The Baby-Boom generation will account for more than one-third of voters in the 2016 presidential election, outnumbering voters in the other generations. Millennials will account for 26 percent of the total. Gen Xers will rank third, casting 20 percent of votes—more than the Silent and World War II generations combined. The oldest members of the iGeneration (aged 18 to 21) will cast their first vote for president in 2016, and they will account for just 4 percent of the total. Demo Memo calculated these figures by applying single-year-of-age citizenship and voting rates from the 2012 presidential election to the Census Bureau's 2016 population projections.
Boomers will outnumber Millennials at the polls because they will be much more likely to vote. Expect 71 percent of citizens in the Baby Boom generation to vote in 2016, equal to the voting rate of Americans in the Silent and World War II generations. A smaller 63 percent of Gen X citizens can be expected to vote. Among Millennial citizens, the voting rate should be about 54 percent. Only 38 percent of citizens in the iGeneration are expected to vote.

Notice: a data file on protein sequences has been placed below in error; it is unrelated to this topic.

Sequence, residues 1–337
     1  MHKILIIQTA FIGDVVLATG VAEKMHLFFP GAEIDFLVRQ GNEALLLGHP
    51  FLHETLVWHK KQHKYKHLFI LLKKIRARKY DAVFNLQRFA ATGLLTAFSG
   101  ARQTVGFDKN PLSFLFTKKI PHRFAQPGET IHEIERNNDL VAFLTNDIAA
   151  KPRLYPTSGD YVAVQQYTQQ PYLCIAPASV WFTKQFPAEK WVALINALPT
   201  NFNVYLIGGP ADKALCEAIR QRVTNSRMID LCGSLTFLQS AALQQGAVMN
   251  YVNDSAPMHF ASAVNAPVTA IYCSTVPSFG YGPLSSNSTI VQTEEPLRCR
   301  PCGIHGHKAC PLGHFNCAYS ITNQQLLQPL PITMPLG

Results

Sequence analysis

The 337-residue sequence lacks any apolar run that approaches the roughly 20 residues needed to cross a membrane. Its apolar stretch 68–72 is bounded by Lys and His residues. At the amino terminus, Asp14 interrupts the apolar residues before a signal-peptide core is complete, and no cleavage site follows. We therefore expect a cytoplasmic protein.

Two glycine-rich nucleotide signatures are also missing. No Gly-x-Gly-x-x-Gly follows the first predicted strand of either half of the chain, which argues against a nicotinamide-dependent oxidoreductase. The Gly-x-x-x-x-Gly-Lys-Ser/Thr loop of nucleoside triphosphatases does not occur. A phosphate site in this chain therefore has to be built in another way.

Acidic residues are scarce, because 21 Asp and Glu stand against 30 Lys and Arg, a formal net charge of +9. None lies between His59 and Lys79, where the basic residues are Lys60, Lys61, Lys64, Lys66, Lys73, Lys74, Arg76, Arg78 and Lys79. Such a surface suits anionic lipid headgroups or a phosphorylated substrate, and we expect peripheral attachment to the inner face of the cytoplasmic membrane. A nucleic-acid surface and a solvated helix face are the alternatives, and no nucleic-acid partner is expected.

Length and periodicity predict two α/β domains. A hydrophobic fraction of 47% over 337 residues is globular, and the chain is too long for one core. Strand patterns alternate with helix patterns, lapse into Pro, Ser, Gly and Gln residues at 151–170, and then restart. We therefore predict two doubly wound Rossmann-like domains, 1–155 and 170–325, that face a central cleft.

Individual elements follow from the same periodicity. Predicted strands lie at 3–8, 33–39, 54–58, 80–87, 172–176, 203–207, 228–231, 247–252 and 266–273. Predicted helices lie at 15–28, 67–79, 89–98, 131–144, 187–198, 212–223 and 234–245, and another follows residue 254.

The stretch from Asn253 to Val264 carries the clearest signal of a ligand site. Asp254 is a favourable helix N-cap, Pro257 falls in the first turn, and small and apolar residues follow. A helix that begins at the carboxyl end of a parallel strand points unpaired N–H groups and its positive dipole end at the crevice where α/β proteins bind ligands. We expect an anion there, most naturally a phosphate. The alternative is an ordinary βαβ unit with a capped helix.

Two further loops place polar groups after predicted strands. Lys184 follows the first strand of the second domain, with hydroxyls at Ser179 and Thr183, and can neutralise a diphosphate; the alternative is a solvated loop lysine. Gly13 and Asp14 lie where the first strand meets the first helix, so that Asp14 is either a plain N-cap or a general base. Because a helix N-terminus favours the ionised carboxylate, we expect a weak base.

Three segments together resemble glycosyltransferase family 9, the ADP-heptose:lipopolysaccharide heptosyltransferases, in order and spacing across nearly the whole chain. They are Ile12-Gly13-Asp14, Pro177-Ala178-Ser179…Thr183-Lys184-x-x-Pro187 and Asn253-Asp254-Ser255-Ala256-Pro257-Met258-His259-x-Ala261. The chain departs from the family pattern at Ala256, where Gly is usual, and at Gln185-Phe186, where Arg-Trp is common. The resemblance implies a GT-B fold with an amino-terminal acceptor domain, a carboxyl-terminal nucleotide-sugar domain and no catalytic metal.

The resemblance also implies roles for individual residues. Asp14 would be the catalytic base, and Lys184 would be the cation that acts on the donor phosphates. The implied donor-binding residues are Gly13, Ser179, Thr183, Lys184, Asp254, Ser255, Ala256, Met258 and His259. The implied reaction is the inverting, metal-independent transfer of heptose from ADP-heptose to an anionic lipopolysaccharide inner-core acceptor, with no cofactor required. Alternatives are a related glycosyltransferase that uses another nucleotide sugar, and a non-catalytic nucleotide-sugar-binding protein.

Percent distribution of voters in 2016 by generation
iGeneration (18 to 21): 4.3%
Millennials (22 to 39): 26.0%
Generation Xers (40 to 51): 19.8%
Baby Boomers (52 to 70): 35.3%
Older Americans (71-plus): 14.6%
Source: Demo Memo analysis based on the Census Bureau's Population Projections and Voting and Registration